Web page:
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State v. Gilstrap

Court of Appeals of Arizona, First Division, Department B

September 19, 2013

STATE OF ARIZONA, Appellee,
v.
ALICIA LEAH GILSTRAP, Appellant

Not for Publication – Rule 111, Rules of the Arizona Supreme Court.

Appeal from the Superior Court in Mohave County Cause No. S8015CR201000770 The Honorable Derek C. Carlise, Judge Pro Tem.

Thomas C. Horne, Attorney General Phoenix by Joseph T. Maziarz, Chief Counsel Criminal Appeals/Capital Litigation Section and Alice Jones, Assistant Attorney General Attorneys for Appellee.

Jill L. Evans, Mohave County Appellate Defender Kingman Attorney for Appellant.

MEMORANDUM DECISION

THUMMA, Judge.

¶1 Alicia Leah Gilstrap appeals her convictions for possession of dangerous drugs for sale, possession of marijuana and two counts of possession of drug paraphernalia and resulting sentences. Gilstrap argues the superior court erred by denying her motion to suppress evidence seized during a search; failing to find prosecutorial misconduct and denying her motion to preclude evidence as not timely disclosed. Finding no error, Gilstrap's convictions and sentences are affirmed.

FACTUAL AND PROCEDURAL BACKGROUND

¶2 When executing a warrant to search a house in Mohave County for methamphetamine and related paraphernalia, law enforcement officers found Gilstrap taking a shower in a bathroom connected to a bedroom. The search warrant did not identify Gilstrap and she did not own the house. An officer found and searched a purse in the house, later identified as Gilstrap's purse. The search of that purse revealed Gilstrap's identification as well as 3.5 grams of methamphetamine; 6.12 grams of marijuana; plastic baggies containing drug residue; new plastic baggies and a scale commonly used by sellers of drugs; a glass pipe containing drug residue and what appeared to be a ledger identifying drug sales.

¶3 The State charged Gilstrap with, and a jury convicted her of, possession of methamphetamine for sale, possession of marijuana and two counts of possession of drug paraphernalia. The superior court sentenced Gilstrap to presumptive, concurrent prison terms, the longest of which was for 15.75 years in prison. From Gilstrap's timely appeal, this court has jurisdiction pursuant to Arizona Constitution, Article 6, Section 9, and Arizona Revised Statutes ("A.R.S.") sections 12-120.21(A)(2013), 13-4031 and 13-4033.[1]

DISCUSSION

I. Denial Of The Motion To Suppress.

¶4 Gilstrap first argues the superior court erred in denying her motion to suppress evidence seized from her purse. Gilstrap argues law enforcement officers could not lawfully search her purse because she was only on the premises "incidentally" and was not named in the warrant. A superior court's ruling on a motion to suppress will not be disturbed "absent clear and manifest error." State v. Hyde, 186 Ariz. 252, 265, 921 P.2d 655, 668 (1996) . The legal question of whether the search violated Gilstrap's constitutional rights, however, is reviewed de novo. State v. Adams, 197 Ariz. 569, 572, 16, 5 P.3d 903, 906 (App. 2000).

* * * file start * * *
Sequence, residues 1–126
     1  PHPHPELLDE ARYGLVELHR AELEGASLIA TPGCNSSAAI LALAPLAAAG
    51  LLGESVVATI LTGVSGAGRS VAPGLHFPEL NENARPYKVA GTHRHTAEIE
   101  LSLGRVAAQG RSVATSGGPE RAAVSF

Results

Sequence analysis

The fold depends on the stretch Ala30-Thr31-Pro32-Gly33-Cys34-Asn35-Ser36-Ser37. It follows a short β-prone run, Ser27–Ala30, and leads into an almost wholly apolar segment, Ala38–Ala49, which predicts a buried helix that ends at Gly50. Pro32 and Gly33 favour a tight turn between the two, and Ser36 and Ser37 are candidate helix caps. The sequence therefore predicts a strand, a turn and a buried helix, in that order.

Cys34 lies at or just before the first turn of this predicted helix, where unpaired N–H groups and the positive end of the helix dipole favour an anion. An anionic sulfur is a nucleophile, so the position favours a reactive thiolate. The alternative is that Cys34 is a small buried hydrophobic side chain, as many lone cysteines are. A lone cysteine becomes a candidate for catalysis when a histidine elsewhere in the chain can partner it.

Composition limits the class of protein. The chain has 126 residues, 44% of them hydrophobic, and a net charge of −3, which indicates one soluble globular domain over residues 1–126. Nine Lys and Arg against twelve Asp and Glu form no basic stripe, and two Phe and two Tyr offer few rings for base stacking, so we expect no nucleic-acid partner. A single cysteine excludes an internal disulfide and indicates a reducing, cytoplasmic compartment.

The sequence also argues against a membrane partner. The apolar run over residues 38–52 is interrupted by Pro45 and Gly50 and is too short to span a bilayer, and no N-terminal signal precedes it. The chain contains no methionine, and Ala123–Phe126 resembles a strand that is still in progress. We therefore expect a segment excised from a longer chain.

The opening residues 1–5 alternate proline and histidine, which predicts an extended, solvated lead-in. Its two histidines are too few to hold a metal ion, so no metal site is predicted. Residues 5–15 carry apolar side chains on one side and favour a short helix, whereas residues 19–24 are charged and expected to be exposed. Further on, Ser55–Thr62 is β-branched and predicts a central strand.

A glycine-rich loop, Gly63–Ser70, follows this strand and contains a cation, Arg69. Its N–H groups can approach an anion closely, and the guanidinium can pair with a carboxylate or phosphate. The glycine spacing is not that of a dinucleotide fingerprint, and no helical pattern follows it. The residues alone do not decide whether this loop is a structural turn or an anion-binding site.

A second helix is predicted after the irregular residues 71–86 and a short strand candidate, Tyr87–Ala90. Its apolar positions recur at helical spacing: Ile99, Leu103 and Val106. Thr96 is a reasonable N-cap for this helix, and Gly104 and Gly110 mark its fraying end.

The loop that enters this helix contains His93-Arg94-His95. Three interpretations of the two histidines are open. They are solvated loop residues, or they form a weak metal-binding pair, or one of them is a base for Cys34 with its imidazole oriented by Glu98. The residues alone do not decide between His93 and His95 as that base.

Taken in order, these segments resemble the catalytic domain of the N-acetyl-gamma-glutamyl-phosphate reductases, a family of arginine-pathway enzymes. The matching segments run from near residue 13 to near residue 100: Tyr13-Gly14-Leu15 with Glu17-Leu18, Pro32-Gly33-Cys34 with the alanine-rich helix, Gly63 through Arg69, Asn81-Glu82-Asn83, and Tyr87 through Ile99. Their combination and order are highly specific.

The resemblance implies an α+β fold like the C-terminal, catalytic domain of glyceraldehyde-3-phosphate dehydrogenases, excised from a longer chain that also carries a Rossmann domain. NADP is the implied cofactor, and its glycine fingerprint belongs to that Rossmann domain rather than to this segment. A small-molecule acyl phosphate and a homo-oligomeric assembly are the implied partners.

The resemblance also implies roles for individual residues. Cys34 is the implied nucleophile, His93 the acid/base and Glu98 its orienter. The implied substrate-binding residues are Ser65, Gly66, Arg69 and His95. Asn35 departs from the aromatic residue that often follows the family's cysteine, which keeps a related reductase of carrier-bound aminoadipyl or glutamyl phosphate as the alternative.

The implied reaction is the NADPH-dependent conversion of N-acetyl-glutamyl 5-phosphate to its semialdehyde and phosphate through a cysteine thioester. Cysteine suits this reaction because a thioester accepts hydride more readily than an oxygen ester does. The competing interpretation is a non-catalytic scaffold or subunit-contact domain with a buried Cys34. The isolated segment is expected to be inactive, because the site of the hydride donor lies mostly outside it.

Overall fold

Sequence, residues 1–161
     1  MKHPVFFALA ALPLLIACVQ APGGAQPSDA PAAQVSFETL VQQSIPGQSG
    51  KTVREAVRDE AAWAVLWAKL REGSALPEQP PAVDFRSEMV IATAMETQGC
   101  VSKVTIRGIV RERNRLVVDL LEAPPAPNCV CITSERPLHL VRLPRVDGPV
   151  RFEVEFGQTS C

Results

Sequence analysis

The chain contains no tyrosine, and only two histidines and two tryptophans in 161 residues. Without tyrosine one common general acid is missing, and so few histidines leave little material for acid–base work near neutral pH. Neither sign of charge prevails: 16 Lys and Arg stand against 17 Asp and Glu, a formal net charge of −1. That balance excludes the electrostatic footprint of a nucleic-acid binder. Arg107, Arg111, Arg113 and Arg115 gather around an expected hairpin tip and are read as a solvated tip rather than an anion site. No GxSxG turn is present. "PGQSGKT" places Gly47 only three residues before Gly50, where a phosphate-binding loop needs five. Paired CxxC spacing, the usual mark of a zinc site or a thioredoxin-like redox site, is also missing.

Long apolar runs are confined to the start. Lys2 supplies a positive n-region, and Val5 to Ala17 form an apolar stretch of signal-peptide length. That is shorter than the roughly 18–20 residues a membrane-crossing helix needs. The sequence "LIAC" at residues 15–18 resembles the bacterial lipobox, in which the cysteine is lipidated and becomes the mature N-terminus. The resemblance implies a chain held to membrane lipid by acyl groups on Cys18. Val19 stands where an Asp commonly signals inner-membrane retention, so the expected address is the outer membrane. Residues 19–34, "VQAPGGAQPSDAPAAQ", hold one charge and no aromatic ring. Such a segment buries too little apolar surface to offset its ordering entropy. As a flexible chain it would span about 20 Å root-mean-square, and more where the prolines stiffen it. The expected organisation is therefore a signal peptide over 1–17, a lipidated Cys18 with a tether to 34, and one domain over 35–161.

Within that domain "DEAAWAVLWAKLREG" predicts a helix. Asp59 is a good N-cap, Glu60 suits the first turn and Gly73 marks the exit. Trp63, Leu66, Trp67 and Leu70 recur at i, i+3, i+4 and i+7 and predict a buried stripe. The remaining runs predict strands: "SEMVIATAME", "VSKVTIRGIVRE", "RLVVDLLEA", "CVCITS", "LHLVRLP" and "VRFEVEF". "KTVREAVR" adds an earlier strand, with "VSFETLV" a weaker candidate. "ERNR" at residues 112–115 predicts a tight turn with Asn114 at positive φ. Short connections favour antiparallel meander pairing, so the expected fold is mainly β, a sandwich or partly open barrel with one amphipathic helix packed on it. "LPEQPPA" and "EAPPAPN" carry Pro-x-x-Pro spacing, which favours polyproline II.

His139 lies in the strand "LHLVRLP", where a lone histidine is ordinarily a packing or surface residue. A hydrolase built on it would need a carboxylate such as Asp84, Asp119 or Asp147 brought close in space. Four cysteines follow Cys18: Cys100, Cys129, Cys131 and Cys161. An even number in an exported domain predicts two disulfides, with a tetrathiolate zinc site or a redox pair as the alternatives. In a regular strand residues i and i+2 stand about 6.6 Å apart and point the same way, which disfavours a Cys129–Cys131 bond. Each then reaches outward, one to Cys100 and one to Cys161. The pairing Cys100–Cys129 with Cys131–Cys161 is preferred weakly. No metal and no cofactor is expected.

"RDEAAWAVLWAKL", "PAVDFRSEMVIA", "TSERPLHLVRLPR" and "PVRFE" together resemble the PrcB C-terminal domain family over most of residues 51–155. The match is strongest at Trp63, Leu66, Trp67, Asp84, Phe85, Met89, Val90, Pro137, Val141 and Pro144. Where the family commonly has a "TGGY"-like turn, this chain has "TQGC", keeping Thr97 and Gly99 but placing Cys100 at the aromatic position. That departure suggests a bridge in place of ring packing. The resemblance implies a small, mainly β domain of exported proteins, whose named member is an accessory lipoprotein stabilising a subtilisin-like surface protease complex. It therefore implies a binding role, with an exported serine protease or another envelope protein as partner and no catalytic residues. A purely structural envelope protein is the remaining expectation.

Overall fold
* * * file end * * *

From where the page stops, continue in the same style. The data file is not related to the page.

A. Background[2]

¶5 Law enforcement officers obtained a warrant to search a house for methamphetamine and related paraphernalia. During the search, officers found Gilstrap taking a shower. Although not named in the warrant and not an owner of the residence, Gilstrap had spent the previous night at the house. Gilstrap testified she "was staying there at the time, helping them out, " had full access to all of the house and planned to pay rent for staying in the house when she could.

¶6 There was conflicting testimony about the location of the purse when law enforcement officers arrived at the house. Gilstrap testified her purse was in the bathroom while she was taking a shower and that police moved her purse to an adjacent bedroom. An officer who entered the bathroom and found Gilstrap in the shower testified he did not recall seeing the purse in the bathroom, but acknowledged someone could have moved the purse. He did, however, see the purse in the adjacent bedroom and felt "certain" it was not in the bathroom when he found Gilstrap in the shower.

¶7 A different officer, who searched the purse, testified he found the purse in the bedroom on the floor by the bed and did not know whether it had been moved. He searched the purse because, in his experience, items identified in the search warrant could be found in a purse. The superior court found the testimony of the officers more credible, found the purse was in the bedroom, found the search was valid and denied Gilstrap's motion to suppress.

B. Discussion

¶8 A lawful search pursuant to a search warrant generally extends to the entire area in which the object of the search may be found and includes all containers in the area that could contain the object of the search. United States v. Ross, 456 U.S. 798, 820-21 (1982). "[S]pecial concerns, " however, "arise when the items to be searched belong to visitors, and not occupants, of the premises." United States v. Giwa, 831 F.2d 538, 544 (5th Cir. 1987) . "Such searches may become personal ...


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